5 Reasons the Samsung Galaxy S5 Will Crush the iPhone

4 minute read

Samsung is firing its latest shot at Apple with the launch of the Galaxy S5 on April 11. The Galaxy was once one of many also-rans in a market that Apple dominated, but Samsung’s persistence (and deep pockets) have made the Galaxy line into a worthy competitor to Apple’s most valuable product. The latest Galaxy has some advantages that may help it best Apple’s flagship phone in sales, at least for a little while. Here are five reasons the Galaxy should be a hit come spring:

The Huge Screen

The Galaxy S5’s screen is more than an inch bigger than the iPhone 5s’s and has a higher resolution. Many people now prefer phones with large screens over ones that easily fit into a pocket. Phablets, devices that are the size of small tablets but also have phone functionality, are projected to reach 120 million by 2018. The Galaxy isn’t quite that huge (Samsung’s Galaxy Note fits the bill), but its large form factor will especially appeal to people who use their smartphone as their only computing device, which is a common habit in developing markets.

Growing Brand Affinity

Before the Galaxy, smartphones that ran on Android software were typically lumped together and colloquially called “Droids,” thanks to some effective marketing from Verizon. Samsung has been able to break the mold and given the Galaxy an identity all its own. The company announced at the Mobile World Congress that the Galaxy S line has sold 200 million units since 2010 (the iPhone has sold 410 million in the same time frame, according to Business Insider). Samsung also has a huge market of users who buy their other cheaper phones. The company sold 300 million smartphones total in 2013 alone, according to Gartner, leading all phone vedors. Some of these users could eventually be upgraded into Galaxy users if given the right push.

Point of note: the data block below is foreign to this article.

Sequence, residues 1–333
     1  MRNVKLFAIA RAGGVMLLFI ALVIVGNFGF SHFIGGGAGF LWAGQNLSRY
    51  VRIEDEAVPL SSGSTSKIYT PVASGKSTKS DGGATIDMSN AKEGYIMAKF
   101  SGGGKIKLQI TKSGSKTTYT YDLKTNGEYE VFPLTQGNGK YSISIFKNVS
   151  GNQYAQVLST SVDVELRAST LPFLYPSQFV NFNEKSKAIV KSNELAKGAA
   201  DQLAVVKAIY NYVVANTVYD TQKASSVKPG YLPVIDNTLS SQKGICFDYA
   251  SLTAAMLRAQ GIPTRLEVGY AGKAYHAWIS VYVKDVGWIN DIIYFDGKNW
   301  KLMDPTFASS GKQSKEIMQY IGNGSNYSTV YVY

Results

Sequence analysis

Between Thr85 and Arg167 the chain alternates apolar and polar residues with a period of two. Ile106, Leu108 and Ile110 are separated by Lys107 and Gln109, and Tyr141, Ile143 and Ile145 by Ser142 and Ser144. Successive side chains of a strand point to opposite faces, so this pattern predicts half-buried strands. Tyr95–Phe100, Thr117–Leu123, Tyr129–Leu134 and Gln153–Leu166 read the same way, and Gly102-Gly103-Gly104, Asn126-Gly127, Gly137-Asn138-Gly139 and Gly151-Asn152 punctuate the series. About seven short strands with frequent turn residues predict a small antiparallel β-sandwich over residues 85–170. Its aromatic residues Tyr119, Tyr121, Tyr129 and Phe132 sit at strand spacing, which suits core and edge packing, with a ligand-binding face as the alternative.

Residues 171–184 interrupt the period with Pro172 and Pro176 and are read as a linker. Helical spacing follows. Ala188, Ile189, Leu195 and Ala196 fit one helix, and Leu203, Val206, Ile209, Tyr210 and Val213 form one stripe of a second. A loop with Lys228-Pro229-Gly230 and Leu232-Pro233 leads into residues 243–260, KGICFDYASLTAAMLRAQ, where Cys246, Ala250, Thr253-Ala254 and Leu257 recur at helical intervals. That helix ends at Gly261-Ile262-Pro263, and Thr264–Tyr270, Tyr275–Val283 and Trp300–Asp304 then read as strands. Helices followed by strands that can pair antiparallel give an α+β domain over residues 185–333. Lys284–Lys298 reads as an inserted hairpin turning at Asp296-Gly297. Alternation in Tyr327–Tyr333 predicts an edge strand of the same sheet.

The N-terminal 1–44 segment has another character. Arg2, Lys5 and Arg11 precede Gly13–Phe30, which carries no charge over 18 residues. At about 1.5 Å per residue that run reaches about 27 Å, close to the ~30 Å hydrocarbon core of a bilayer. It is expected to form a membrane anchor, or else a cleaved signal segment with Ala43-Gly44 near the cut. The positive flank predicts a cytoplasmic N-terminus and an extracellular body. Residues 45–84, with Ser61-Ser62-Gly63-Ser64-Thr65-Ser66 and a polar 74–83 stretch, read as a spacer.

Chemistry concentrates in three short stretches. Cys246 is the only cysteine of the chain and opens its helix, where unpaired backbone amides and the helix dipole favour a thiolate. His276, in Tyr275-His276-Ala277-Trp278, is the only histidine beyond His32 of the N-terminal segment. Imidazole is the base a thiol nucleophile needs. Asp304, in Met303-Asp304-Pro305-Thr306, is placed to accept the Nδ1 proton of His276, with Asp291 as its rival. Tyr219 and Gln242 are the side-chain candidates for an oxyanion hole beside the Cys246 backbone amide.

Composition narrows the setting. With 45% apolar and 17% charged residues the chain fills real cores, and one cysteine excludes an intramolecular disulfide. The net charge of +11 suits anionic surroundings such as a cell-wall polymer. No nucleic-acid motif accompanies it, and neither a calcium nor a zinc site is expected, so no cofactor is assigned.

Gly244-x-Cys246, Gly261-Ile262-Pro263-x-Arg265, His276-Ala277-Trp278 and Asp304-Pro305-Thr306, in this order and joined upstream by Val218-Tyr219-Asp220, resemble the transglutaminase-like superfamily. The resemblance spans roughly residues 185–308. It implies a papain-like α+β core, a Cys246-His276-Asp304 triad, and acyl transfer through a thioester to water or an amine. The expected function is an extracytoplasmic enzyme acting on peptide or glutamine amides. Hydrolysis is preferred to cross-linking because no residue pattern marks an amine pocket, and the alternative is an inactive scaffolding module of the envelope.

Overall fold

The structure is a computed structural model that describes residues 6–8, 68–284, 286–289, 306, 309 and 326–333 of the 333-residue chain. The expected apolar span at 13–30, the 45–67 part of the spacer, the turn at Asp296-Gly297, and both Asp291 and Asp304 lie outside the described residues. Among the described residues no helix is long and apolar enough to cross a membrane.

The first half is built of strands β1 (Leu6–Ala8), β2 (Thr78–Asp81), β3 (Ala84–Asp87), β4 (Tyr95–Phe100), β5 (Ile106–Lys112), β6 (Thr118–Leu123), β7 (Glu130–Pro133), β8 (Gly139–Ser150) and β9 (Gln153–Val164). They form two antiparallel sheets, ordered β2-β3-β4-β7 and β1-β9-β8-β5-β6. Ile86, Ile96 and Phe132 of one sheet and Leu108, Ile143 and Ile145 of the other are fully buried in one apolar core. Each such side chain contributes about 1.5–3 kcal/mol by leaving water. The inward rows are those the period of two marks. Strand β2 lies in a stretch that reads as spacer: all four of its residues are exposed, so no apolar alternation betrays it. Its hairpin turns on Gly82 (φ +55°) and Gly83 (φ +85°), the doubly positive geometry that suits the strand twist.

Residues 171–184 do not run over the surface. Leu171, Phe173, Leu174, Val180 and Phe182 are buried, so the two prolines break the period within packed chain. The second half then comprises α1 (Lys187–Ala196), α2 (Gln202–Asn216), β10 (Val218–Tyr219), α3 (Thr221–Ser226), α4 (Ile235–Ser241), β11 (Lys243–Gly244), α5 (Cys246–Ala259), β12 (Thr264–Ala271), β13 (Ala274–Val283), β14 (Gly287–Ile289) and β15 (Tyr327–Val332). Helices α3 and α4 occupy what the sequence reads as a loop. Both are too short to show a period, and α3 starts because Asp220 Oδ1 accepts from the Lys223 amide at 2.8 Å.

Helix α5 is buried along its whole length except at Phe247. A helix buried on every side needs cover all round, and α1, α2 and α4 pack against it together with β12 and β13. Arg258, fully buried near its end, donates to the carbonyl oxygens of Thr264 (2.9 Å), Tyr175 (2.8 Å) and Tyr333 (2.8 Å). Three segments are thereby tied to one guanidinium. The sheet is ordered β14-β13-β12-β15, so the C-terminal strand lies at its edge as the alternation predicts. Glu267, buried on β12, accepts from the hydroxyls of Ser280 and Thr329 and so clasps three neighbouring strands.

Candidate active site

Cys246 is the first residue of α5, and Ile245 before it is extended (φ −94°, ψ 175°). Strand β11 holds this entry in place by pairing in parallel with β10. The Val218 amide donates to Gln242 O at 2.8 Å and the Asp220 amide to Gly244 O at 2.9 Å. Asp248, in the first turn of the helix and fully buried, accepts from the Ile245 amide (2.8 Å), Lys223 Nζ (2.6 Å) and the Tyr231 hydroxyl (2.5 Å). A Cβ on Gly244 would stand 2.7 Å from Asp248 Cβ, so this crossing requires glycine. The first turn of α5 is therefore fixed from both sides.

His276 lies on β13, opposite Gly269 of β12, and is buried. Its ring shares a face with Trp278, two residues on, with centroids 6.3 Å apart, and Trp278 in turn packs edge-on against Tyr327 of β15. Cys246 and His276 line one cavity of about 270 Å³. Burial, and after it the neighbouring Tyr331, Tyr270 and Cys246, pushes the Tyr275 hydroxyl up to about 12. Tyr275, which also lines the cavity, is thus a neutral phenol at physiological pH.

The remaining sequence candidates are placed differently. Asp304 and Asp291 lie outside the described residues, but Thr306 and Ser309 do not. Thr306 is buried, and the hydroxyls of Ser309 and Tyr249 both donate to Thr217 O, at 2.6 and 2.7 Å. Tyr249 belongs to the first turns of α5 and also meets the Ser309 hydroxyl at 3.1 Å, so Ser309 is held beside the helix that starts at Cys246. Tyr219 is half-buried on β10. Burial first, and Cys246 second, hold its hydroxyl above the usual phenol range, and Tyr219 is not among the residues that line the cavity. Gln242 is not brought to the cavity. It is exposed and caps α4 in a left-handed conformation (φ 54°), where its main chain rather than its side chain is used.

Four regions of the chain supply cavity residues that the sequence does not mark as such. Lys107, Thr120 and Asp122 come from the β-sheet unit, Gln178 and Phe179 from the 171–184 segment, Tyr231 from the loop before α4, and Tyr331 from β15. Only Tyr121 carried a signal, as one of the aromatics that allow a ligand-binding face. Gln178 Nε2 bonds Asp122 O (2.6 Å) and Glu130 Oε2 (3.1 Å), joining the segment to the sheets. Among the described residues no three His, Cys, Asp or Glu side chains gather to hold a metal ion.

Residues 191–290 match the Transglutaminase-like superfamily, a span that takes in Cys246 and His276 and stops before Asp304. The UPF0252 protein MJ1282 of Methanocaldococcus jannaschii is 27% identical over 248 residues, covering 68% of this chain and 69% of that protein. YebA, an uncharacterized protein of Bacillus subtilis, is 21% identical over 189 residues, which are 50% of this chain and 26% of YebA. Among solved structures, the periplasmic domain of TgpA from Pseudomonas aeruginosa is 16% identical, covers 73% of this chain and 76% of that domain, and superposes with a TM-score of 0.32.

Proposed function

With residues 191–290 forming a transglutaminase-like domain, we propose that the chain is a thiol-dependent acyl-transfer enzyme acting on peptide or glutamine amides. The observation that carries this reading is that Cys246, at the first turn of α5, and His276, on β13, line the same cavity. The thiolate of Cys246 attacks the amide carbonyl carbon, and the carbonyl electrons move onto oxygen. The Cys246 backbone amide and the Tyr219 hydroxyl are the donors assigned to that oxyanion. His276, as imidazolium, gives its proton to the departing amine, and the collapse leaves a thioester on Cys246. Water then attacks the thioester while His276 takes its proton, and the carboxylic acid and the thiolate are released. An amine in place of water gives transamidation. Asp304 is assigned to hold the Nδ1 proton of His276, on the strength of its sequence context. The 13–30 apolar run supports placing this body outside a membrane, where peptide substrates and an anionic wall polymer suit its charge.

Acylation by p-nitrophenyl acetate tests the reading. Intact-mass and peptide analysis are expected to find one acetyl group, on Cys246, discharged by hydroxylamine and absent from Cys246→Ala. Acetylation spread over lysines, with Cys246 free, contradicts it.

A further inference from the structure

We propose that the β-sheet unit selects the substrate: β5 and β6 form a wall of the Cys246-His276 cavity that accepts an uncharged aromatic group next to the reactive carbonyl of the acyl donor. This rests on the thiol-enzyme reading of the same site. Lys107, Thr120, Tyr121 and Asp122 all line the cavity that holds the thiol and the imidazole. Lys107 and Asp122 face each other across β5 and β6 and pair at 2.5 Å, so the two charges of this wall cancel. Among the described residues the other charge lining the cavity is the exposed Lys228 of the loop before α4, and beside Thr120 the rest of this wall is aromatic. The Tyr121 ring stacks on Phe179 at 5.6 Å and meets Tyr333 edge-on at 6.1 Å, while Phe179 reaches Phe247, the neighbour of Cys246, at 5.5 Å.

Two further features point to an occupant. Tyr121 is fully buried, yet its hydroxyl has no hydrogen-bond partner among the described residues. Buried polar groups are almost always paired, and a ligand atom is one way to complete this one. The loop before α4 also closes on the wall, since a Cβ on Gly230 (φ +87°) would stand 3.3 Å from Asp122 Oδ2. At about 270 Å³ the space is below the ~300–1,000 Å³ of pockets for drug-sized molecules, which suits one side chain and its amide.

The Heart Rate Monitor

Following the success of wearable health tech like Fitbit, Samsung is trying to make its flagship smartphone into a better exercise companion. The new Galaxy comes equipped with a heart rate monitor. When a user puts their finger up to the sensor located just below the phone’s camera, it can measure a pulse within five to ten seconds. A pre-installed app on the phone called S Health 3.0 allows users to keep track of their heart rate over time. Matched with Samsung’s just-announced Gear Fit smartwatch, the feature proves Samsung is serious about cornering the fitness market.

The Newness Factor

The iPhone 5s launched in September 2013, an eternity ago in the rapidly evolving world of smartphones. The Galaxy S5 could be the most advanced device on the market when it launches in April. It may get as many as five months of exposure unencumbered by the hype machine that accompanies a new iPhone release (new iPhones have launched in September or October since 2011). In the past Samsung has benefited from these windows when the iPhone grew a bit long in the tooth—the Galaxy S3 shipped more than the iPhone 4S during the third quarter of 2012, as people awaited the arrival of the iPhone 5.

The Marketing Push

Samsung spent a whopping $14 billion on advertising in 2013, according to a Reuters estimate, dwarfing the $1.1 billion spent by Apple. This money goes toward everything from television commercials to film premieres at the Sydney Opera House to buying one million copies of Jay-Z’s last album to release via mobile app. There’s no telling what Samsung has in store for the Galaxy’s rollout, but the phone will likely be inescapable in popular media.

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